Saturday, March 27, 2010

A Conflict of Logic aka No Logic at All

Well, I've been watching the growth of the Tea Party movement. Even though there are a few nuts in the bunch, I've been in favor of its growth for a few reasons. 1) At least they're doing something constructive with their free time (obviously they have lots of free time to show up at the Capitol and peoples' home towns all the time). 2) They're members of the Tea Party and hopefully not one of the other "patriot" groups that have popped up since Obama won the presidency that are actually racist nativist groups. 3) They're making their voices heard in a way that draws attention to an opinion that's opposite from the government majority. Having opposition front and center helps keep those in charge aware that they do not represent everyone, just some people (like me!).

I know that I am a very liberal person, for the most part. I mean, I love the idea of equality being slightly more important than freedom. I am referring to freedom the way the Republicans mean it. As an African-American woman, my idea of freedom concerns a little more than how much I pay in taxes. The fact that I can walk around without someone forcing me to shuck cotton or give up sex without asking permission first is my bigger freedom concern. But, alas, in the eyes of partisan politics, I find equality more important. Through rules and laws about education, health care, taxes, insurance, etc., the government can ensure that those who cannot do for themselves are not left to flail. And the free market never helped anyone but business people. Every single new area of the economy eventually becomes a monopoly in some part of America.
But, on the other hand, I think I'd like to have lots of guns, and I'm quite sure I don't want anyone to take them away. Now, what makes me liberal is the knowledge that as long as I'm not a convict or a person with some diagnosis from the Psych section of the DSM-IV, I can have those guns with a permit from my state. I don't think the government wants to take my guns. They don't. Gun control laws are sometimes a bit over-reaching. But they're not trying to take away my guns. That's just silly.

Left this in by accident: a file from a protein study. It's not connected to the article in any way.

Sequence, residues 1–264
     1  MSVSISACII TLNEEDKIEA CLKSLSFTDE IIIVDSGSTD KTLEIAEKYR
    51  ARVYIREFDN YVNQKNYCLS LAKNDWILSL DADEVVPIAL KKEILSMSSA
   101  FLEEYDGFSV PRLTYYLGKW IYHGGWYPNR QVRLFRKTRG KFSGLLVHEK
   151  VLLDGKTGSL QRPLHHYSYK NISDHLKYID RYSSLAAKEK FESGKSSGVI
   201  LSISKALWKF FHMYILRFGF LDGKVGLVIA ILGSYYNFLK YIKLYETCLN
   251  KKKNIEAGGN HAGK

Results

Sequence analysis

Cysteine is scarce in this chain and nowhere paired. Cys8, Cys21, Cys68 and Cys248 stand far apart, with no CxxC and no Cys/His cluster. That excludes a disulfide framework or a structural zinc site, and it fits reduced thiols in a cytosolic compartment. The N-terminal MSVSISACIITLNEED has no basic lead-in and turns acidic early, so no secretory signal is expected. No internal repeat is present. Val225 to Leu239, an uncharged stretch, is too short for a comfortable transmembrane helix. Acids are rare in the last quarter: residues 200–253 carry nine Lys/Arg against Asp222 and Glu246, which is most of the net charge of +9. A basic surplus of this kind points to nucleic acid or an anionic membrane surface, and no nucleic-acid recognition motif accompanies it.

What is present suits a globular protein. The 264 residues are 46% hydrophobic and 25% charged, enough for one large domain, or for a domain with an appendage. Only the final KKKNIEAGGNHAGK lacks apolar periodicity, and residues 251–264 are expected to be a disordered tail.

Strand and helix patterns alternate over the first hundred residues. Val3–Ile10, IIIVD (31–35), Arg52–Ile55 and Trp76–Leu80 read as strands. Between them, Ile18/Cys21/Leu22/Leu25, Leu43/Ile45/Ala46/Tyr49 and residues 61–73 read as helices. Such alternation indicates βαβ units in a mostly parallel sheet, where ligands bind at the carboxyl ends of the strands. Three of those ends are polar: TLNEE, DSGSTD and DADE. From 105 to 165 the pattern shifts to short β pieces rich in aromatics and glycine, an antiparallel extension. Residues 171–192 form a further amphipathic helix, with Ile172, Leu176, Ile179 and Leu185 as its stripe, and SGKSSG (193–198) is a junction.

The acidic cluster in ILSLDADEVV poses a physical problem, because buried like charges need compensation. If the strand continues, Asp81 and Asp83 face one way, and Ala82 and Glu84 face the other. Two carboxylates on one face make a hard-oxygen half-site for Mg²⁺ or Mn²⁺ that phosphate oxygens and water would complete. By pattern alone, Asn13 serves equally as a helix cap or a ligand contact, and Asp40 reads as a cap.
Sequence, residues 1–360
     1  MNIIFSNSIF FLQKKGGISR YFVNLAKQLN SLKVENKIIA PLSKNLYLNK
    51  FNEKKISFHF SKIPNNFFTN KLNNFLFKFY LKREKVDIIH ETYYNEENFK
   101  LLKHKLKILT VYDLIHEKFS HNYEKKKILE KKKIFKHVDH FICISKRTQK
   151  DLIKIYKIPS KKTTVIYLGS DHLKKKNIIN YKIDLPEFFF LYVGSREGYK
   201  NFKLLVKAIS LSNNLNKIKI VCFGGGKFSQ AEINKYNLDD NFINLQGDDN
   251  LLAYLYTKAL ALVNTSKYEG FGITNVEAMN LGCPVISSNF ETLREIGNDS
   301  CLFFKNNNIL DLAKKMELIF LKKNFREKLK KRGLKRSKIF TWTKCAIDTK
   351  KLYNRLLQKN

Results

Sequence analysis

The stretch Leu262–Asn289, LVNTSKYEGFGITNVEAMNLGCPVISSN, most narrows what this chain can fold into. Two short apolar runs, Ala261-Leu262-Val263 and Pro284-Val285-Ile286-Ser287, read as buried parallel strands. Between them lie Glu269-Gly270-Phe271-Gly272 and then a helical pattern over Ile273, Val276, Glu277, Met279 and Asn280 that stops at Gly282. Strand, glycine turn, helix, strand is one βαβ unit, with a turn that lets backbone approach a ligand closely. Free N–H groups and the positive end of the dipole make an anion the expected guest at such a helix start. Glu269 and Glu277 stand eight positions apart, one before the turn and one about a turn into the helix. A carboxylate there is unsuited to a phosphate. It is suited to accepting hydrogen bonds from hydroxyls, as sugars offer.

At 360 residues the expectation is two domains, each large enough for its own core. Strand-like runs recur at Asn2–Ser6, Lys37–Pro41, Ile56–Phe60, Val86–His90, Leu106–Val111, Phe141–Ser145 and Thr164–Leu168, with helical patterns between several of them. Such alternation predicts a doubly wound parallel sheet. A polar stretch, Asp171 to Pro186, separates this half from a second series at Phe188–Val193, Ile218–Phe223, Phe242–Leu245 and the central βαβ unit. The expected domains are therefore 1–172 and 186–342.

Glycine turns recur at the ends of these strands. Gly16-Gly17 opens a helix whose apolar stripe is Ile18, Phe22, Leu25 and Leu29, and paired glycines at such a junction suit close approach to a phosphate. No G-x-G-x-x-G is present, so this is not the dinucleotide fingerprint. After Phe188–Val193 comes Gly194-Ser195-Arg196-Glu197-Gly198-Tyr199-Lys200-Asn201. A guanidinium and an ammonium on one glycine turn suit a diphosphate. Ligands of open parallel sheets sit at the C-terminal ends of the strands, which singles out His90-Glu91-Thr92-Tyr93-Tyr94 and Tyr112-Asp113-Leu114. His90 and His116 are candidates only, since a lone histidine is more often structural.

Also, I'm pro-abortion. Yup, I am strongly pro-abortion. I think that men can decide to not be a father with relative ease. Claim the baby isn't theirs, simply walk away, dodge a paternity test. There are all sorts of creative ways to avoid the burden. Women can't just walk away from being pregnant. Oh wait, they can! The idea of not being a parent should be equal opportunity. I would bet the entire cost of my medical education that if men were still the majority of our leaders and also the ones who had to be pregnant, abortion would be so legal, it would become recommended. The birth rate would decline, and white people would've been the American minority years ago. But I digress. The moral of that digression: I'm mostly liberal, but that doesn't mean I cannot understand the motivation behind people I completely disagree with standing up for what they believe in.